Arms Deal Test of SA's Anti-Corruption Fight
|Publication||Mail & Guardian|
|Reporter||Howard Barrell & Barry Streek|
The scale of investigation and the required regularity of reporting to the public accounts committee are unprecedented in SAparliamentary history.
The massive investigation into different aspects of South Africa's controversial R43,8-million arms deal is set to test the country's anti-corruption and oversight institutions to their limits. The institutions appear to be spreading the investigation between them to ensure that, if an inquiry conducted by any one of them is stonewalled, the investigation can still proceed to a full and proper conclusion.
Gavin Woods, chair of the standing committee on public accounts, Parliament's main oversight body, has received a death threat apparently linked to the investigation, and there are indications that other attempts have been made to interfere with the progress of the inquiry.
The public accounts committee has, however, been "very encouraged" by the early response of the Cabinet and government departments to its inquiry, said Woods. Although some departments and ministers were initially hesitant, MPs on the committee were, for the first time in the history of the post-1994 Parliament, shown secret and confidential government documents.
The Cabinet has also said that, if the committee wanted to interview ministers about the deals, the ministers would make themselves available. The Mail & Guardian first drew attention to possible conflicts of interest in the award of some secondary contracts that form part of the deal.
The cost of the arms deal has escalated from an estimated R29,9-billion just more than a year ago to R30,3-billion a few months later and, since then, to the latest available estimate of R43,8-billion. The public accounts committee has termed "possibly optimistic" estimates of the number of jobs said to be destined to result from associated offset deals.
Despite the concerns of the committee and the continuing investigations, Woods has stressed that none of the deals is in danger. Within two weeks the committee is to convene an exploratory meeting involving the auditor general, the Heath investigative unit, the public protector, the Investigating Directorate for Serious Economic Offences, the National Directorate of Public Prosecutions and other investigative bodies so that "the best combination of skills, legal mandates and resources be found for such an investigation", according to a statement by the committee.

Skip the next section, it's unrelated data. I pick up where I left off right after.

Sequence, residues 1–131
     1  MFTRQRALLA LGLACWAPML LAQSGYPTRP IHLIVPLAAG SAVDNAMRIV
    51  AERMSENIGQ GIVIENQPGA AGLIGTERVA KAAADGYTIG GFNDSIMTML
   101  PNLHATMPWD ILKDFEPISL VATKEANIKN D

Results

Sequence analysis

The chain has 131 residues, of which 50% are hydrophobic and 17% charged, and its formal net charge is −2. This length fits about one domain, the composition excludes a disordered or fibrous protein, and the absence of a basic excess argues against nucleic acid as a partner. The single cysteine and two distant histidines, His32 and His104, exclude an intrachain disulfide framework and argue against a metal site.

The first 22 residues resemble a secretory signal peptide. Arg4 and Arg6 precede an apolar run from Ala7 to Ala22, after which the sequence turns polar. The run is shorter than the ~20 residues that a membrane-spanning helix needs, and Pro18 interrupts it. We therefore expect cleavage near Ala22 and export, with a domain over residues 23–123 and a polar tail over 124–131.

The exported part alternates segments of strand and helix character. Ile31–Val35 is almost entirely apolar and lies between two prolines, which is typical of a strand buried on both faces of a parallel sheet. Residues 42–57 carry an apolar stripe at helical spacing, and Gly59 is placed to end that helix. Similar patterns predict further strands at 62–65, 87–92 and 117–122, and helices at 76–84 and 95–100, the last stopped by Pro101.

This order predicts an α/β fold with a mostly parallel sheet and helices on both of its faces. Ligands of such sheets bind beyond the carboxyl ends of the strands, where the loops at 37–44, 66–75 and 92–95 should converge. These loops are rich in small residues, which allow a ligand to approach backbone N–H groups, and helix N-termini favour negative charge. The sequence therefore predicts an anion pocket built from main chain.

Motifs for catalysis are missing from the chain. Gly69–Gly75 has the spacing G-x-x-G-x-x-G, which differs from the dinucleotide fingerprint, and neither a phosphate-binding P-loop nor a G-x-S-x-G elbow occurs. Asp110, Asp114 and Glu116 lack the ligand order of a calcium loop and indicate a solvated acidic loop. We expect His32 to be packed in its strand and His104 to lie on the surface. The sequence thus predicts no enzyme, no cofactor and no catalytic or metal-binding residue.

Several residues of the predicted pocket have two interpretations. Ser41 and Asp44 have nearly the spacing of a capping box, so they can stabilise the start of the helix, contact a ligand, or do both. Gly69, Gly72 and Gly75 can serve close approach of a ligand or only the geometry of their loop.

"Once this is established, the committee will issue an investigation brief to the team for its input." The investigative combination that is agreed will be required to report regularly to the committee so that its findings could be included in its final report to Parliament. It will issue another interim report early next year.
The scale of investigation, the required regularity of reporting to the committee and its intention to issue another interim report before the conclusion of its investigations are unprecedented in parliamentary history. The Institute for Democracy in South Africa (Idasa) has welcomed the "assertive approach" taken by the public accounts committee. Its efforts "may prove to be a test case for the future of democratic accountability in South Africa", it said.
The head of Idasa's political information and monitoring service, Richard Calland, welcomed the combination of a number of agencies in the investigation. "Given the importance of the case, and its complexity, it is a very creative and sensible idea. It demonstrates the central role that Parliament can play in ensuring that there is meaningful oversight of executive power.
"The amount of public money involved in this case means that the stakes are high; it really is a litmus test for the various institutions of democratic accountability. The recommendations of the committee reflect a determination to pass the test," Calland said.
By tradition, the public accounts committee pursues a cross-party approach in which all parties represented on it - both government and opposition - unite to ensure proper and efficient use of state funds. Woods, its chair, is from the Inkatha Freedom Party and two of its members, who have been among the most tenacious in establishing the facts about government spending, have been Laloo Chiba and Andrew Feinstein, both of the ruling African National Congress.
The opposition parties represented on the committee have also been playing their part in the investigation.
With acknowledgement to Howard Barrel, Barry Streek and Independent Online.